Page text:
Soybean Aphid Egg Hatch Starting in Northern Iowa

May 2, 2019
ICM News

Iowa’s most significant soybean insect pest, soybean aphid, has host-alternating biology. This species has multiple, overlapping generations on soybean in the summer and moves to buckthorn in the winter. Fall migration to buckthorn is based on senescing soybean, and decreasing temperatures and photoperiod. For the majority of the year, soybean aphids are cold-hardy eggs near buckthorn buds (Photo 1). As spring temperatures warm up, soybean aphid eggs hatch and produce a few generations on buckthorn before moving to soybean (Photo 2). Tilmon et al. (2011) goes into more detail about the life cycle and biology of soybean aphid.

Soybean aphid eggs on buckthorn.
Photo 1. Sexual females deposit eggs near buckthorn buds in the fall. Photo by David Voegtlin.

Soybean aphids on buckthorn.
Photo 2. There are a few wingless generations produced on buckthorn before the spring migration to soybean every year. Photo by Chris DiFonzo (

For many aphids that overwinter as an egg, hatching often happens when the host resumes spring growth. This makes biological sense because the aphids feed on phloem from actively-growing tissue. If egg hatch happens too soon, they can suffer mortality from starvation. Research has confirmed soybean aphid egg hatch happens around buckthorn bud swell. Bahlai et al. (2007) developed a model to predict soybean aphid egg hatch based on accumulating degree days. They adjusted the model to include ambient air temperatures and solar radiation. Soybean aphid egg hatch occurs between 147-154 degree days (base 50°F) and buckthorn bud swell happens shortly after that (165-171 degree days). Based on air temperatures in 2019 (Figure 1), we expect egg hatch is occurring in northern Iowa, where most of the buckthorn in Iowa is located.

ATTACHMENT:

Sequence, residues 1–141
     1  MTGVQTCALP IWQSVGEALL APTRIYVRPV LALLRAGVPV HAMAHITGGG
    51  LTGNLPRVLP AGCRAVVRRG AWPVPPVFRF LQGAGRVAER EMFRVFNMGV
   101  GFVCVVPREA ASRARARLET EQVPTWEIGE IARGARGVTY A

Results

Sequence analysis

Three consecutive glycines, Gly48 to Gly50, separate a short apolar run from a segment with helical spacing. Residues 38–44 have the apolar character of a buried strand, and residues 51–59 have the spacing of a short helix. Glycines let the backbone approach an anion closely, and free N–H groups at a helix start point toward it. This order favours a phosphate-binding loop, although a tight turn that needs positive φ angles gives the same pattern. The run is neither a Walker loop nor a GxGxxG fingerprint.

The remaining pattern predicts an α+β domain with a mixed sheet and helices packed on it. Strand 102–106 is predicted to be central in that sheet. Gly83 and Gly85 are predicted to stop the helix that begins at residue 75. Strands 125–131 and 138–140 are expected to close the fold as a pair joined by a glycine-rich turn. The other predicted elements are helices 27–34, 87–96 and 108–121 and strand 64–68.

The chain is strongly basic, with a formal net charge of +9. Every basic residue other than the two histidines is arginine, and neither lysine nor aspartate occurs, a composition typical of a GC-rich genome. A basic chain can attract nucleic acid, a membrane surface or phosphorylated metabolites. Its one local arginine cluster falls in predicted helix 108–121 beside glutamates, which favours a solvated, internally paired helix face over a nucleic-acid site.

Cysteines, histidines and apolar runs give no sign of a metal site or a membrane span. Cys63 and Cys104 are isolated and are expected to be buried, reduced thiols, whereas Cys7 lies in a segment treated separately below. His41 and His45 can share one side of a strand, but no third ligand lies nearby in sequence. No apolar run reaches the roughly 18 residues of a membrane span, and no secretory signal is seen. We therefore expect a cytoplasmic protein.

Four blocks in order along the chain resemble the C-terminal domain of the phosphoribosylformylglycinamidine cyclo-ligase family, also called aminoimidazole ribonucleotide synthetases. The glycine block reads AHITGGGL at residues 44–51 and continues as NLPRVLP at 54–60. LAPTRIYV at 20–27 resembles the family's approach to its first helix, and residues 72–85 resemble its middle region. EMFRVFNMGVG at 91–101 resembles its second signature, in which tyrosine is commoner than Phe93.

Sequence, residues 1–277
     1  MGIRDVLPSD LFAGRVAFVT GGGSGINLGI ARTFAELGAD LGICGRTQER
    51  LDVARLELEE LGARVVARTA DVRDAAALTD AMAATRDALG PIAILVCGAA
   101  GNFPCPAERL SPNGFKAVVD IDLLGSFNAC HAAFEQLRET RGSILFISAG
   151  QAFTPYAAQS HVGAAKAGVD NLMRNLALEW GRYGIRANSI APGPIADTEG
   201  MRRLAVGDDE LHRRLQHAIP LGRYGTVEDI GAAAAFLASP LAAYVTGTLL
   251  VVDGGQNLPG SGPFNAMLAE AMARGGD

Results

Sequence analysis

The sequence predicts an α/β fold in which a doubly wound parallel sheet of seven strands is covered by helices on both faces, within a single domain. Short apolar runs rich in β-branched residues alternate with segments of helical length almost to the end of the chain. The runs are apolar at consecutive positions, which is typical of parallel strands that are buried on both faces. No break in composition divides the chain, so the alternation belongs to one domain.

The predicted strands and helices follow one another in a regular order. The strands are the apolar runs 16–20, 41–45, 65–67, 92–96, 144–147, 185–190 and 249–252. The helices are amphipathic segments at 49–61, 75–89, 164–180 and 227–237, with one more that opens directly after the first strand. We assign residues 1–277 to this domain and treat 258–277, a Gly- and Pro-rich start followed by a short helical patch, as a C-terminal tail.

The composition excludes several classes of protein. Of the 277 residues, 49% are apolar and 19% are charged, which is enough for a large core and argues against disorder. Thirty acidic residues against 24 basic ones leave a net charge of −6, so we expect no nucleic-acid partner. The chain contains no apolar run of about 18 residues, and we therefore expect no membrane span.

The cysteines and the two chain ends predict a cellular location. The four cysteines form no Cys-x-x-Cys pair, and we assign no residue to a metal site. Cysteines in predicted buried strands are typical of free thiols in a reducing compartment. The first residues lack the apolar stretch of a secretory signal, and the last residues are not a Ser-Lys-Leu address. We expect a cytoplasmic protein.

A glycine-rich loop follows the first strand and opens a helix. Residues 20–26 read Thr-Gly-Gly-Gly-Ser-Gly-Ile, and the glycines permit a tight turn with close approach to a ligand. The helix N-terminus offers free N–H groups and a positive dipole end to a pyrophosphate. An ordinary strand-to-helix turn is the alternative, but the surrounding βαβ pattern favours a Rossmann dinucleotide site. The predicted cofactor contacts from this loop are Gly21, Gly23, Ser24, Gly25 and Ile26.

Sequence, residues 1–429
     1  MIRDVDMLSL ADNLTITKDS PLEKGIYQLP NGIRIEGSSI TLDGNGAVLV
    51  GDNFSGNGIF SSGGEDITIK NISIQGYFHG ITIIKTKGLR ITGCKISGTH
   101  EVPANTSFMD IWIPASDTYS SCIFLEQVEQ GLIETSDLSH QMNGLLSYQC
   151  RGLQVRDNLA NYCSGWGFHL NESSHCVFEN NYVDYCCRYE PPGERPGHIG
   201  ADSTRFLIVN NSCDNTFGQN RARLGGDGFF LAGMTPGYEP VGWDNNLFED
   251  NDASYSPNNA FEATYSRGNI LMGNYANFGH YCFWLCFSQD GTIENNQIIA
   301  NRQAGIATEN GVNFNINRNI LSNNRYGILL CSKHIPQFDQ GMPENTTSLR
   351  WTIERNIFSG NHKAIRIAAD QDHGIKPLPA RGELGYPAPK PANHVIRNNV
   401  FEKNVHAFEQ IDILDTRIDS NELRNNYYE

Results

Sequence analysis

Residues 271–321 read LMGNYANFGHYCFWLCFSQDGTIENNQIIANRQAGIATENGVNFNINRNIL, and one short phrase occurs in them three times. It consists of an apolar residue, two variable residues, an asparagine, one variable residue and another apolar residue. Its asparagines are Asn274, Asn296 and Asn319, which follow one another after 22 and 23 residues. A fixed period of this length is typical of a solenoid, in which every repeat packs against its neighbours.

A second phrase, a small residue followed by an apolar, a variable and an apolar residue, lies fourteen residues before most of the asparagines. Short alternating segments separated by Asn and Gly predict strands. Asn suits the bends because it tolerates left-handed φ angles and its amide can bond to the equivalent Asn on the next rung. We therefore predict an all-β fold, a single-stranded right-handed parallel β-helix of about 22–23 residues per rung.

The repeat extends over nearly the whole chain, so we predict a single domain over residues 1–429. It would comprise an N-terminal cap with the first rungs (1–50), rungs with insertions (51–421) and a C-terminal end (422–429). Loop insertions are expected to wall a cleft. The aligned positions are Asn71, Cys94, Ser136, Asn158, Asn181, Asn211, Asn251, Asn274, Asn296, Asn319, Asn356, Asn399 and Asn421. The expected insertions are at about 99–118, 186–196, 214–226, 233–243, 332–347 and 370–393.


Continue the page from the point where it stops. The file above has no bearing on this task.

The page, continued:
Degree-day map for soybean aphid egg hatch predictions.
Figure 1. Accumulated growing degree days (base 50°F) in Iowa from January 1 – May 1, 2019. Map courtesy of Iowa Environmental Mesonet, ISU Department of Agronomy.


Bahlai, C. A., J. A. Welsman, A. W. Schaafsma, and M. K. Sears. 2007. Development of soybean aphid on its primary overwintering host. Environmental Entomology 36: 998-1006.

Tilmon, K. J., E. W. Hodgson, M. E. O’Neal, and D. W. Ragsdale. 2011. Biology of the soybean aphid in the United States. Journal of Integrated Pest Management 2: A1-A7.

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Erin Hodgson Professor

Dr. Erin Hodgson started working in the Department of Entomology at Iowa State University in 2009. She is a professor with extension and research responsibilities in corn and soybeans. She has a general background in integrated pest management (IPM) for field crops. Dr. Hodgson's current extensio...